These are the very serious and complex issues that confront our young people today as they make important moral decisions in their lives. How very much our young people need those gifts of the Holy Spirit called down upon them by the Bishop at Confirmation as he prays:

Send upon them, O Lord, the Holy Spirit, the Paraclete,

Give them the spirit of wisdom and understanding,

the spirit of counsel and fortitude, the spirit of knowledge

and piety; fill them with the spirit of the fear [wonder and awe] of the Lord.

These are not accidentals in the lives of our young people, but rather they are most essential gifts to help them make prudent, wise, holy and wholesome decisions throughout their human development.

Recently, the Diocese of Rochester gave special acknowledgement to couples celebrating anniversaries of marriage. Here again, the success of married life depends upon the respect that spouses have for each other, a respect that was developed in their youth and has prepared them for the solemn commitment husbands and wives make to each other in the Holy Sacrament of Matrimony. Such a mature decision cannot be made in an instant; it is not the result of romantic impulse or a passing phase. Rather, it rests upon the pillars of faith, hope and charity that have been nurtured from childhood to adulthood and, hopefully, with the strong support of families, our parishes, our Catholic schools and religious education programs. In offering our congratulations to our married couples, we give thanks to God for their witness to the faith and for the families created by the mutual love, respect and support of the spouses.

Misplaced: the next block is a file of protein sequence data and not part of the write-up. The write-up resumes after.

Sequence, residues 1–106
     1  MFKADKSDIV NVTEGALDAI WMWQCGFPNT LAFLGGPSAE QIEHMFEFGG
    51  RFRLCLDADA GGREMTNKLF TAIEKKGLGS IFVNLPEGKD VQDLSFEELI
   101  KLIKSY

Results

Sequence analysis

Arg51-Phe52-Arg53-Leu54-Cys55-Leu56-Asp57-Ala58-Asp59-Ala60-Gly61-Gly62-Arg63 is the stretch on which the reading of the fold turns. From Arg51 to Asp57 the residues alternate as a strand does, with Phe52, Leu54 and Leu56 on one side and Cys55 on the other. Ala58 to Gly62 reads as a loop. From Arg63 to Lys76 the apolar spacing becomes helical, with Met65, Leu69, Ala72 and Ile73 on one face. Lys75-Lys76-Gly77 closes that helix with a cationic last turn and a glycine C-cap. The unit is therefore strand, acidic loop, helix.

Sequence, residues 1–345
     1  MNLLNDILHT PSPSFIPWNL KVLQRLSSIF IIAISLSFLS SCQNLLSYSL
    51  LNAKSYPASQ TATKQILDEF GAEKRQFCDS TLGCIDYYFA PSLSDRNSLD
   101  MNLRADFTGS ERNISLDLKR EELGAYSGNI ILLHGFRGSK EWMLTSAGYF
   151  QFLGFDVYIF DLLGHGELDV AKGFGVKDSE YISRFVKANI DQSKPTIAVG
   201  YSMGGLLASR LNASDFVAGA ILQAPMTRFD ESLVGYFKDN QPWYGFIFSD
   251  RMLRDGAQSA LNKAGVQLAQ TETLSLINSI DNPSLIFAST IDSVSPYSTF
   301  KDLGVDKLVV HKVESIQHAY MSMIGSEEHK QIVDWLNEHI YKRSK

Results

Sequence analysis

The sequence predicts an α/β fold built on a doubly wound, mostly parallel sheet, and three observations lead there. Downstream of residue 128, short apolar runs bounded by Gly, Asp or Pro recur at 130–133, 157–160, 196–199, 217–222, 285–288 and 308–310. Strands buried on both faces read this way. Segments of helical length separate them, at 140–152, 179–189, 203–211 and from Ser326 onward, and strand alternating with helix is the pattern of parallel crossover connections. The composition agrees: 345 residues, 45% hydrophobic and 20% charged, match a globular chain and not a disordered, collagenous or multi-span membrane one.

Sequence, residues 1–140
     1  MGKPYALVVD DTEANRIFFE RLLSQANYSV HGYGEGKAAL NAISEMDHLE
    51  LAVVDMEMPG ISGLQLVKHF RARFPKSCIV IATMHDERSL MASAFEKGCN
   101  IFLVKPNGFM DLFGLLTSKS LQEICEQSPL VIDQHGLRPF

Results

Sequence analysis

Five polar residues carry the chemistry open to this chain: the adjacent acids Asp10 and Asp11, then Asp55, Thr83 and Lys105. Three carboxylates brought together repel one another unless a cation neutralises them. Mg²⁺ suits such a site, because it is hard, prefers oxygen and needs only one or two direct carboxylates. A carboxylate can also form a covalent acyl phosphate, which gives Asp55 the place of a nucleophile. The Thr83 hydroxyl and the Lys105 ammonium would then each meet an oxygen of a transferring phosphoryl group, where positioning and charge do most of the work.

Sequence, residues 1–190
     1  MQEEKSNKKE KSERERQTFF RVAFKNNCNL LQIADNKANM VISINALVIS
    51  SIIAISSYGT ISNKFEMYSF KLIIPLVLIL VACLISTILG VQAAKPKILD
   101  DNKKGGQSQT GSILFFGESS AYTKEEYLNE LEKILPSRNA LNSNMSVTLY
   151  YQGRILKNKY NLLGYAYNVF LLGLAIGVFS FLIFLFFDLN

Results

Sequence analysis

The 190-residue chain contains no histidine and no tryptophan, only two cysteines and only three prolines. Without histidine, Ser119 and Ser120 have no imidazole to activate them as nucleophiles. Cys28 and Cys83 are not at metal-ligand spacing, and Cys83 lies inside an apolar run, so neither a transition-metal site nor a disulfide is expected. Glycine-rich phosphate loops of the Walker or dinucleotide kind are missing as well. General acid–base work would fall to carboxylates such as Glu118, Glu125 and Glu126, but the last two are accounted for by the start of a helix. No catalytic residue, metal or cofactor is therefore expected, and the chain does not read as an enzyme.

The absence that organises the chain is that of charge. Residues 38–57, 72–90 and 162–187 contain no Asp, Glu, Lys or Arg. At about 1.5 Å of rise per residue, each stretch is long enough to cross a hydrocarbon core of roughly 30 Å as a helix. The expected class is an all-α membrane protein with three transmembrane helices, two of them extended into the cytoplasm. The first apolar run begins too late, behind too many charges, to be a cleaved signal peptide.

We cannot escape the challenges of today’s world, but we can deal with them by inviting Christ into our lives and professing that the Risen Christ is the Way, the Truth and the Life (see John 14:6). In Him we have hope and find the courage to build our lives upon the incorruptible truths He taught us. In this month of June dedicated to the Sacred Heart of Jesus, we unite our hearts to His heart, knowing He loves us in every circumstance of our lives and even in our human weakness He is there to pick us up and heal our broken hearts. God has bestowed upon us a dignity that is infinite and immeasurable, the possibility of life that is eternal and the hope that one day our restless hearts will rest in Him, as St. Augustine writes in his Confessions. Let us never forget and let us ponder constantly the words of the Good Shepherd:

“My sheep hear my voice. I know them and they follow me. I give them eternal life and they will never perish” (John 10:27-28).

Invoking God’s blessings upon you through the intercession of Our Mother Mary and St. John Fisher, our Diocesan Patron whose feast we celebrate on June 22, 2024, I remain

Devotedly yours in Christ,

The Most Reverend

Salvatore R. Matano

Bishop of Rochester